Questions from the Field ...

“How should you Cruise Clumps of Stems?”

Sprouting trees are a particular problem. Maple, as well as Redwood come to mind (young Redwood being very nasty because it looks like a hedge anyway and you can't see the individual stems in many cases - one of those times when fixed plots make sense).

When you can see the stems, however, how should clumps be handled? First, it is not a great problem with count plots. That's another reason to use them more in your work. Second, you might not want to do all of the small stems individually. Nothing wrong with that, of course, but it gets pretty tedious and for little benefit.

After determining the stems that are in with your prism or Relascope, you can just sub-sample. If you have 7 of them in with the prism, choose one of them to measure. If you choose 1 of the 7, then it just gets written down 7 times (if your compilation cannot handle a directly weighted sample). This approach will always work with any compilation system, as long as it does not kick back an error because several of the items are identical.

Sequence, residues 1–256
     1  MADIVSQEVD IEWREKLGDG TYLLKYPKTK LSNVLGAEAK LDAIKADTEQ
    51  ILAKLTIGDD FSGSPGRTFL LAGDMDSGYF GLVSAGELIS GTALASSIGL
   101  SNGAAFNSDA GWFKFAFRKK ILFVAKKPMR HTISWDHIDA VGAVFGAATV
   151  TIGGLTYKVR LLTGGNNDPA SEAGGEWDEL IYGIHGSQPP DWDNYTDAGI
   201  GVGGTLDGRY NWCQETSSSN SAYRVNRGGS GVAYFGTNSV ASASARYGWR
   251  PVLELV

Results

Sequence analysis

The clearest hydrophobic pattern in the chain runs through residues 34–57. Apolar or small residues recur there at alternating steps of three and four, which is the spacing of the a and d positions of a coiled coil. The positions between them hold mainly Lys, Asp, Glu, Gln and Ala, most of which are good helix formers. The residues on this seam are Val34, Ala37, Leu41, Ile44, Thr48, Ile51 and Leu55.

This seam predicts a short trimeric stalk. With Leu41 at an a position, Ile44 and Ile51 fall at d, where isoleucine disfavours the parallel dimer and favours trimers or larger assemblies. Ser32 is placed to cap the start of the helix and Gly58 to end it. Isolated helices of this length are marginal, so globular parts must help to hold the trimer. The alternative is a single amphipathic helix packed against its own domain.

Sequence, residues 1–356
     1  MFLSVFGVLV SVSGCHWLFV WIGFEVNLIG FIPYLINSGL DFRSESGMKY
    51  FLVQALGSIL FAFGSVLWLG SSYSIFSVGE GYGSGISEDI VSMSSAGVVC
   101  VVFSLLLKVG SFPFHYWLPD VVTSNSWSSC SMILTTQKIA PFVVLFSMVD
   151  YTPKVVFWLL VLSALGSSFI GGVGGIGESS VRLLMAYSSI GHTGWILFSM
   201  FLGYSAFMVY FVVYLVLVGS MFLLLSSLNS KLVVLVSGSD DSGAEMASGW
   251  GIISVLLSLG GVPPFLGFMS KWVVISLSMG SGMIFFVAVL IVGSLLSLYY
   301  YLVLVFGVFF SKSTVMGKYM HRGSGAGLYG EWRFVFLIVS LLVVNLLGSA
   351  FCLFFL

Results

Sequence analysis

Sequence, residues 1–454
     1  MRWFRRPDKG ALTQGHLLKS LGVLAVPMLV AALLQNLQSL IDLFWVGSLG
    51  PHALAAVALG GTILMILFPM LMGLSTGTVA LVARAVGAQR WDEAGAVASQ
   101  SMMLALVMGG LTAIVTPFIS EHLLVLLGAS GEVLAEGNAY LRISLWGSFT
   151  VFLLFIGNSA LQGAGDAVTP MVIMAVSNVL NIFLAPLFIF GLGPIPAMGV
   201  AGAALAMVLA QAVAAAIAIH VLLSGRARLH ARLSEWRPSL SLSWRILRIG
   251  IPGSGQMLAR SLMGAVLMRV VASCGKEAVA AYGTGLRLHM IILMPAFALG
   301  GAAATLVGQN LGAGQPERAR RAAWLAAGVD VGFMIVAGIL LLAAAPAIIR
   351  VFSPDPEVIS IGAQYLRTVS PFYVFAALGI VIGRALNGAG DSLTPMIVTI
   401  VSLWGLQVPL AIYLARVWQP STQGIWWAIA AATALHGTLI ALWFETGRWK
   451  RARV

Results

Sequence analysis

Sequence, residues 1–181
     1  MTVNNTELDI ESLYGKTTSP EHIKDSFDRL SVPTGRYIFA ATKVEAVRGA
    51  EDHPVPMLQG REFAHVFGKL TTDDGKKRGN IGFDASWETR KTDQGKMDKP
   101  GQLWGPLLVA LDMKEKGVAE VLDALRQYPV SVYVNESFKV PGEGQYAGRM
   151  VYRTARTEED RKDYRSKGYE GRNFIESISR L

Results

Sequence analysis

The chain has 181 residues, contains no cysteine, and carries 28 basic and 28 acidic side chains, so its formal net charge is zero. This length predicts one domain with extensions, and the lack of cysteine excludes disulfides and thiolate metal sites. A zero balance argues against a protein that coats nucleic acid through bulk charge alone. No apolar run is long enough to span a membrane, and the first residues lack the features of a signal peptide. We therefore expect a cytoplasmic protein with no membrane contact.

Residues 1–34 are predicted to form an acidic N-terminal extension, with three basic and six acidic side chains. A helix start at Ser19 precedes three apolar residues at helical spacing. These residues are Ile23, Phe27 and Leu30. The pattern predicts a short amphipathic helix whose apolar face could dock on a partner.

In some compilation systems, individual trees have their own BAF's and you could also write down a BAF 7 times as large for the one tree out of 7 that you sampled. You would have to verify that this works with your own compilation system. It should - but you never know unless you can check the computer code. You ought to know the phone number for the computer jock that is supposed to know this stuff. If you have not done anything to thank him for his previous help, of course, he might not care as much (hint, hint).

It is best to do this tree selection from the cluster randomly if you are to be check-cruised or are working for someone else. If you are doing your own work you could always choose a biased sample that you considered typical of the group. If you are wrong, you are the only one who suffers.

The rules of statistics can always be suspended when you are risking your own money. In a case like that you are substituting the guarantee of your professional judgment for the guarantees that proper sampling provide.

This kind of sub-sampling is automatic with the "Big BAF method", which might make much of this problem go away for practical work.

The variability that clumps like this cause is likely to be restricted to a particular species (or at least a size class within that species). If it is a serious problem with your work, you might consider putting small trees that occur in clumps into an individual strata of their own. This will isolate the problem from the rest of the data. You might have a high Sampling Error % in that group, but it will apply to a small volume and value.

PS : our thanks to Kevin Oliphant, who asked this question.

Originally published October 2003

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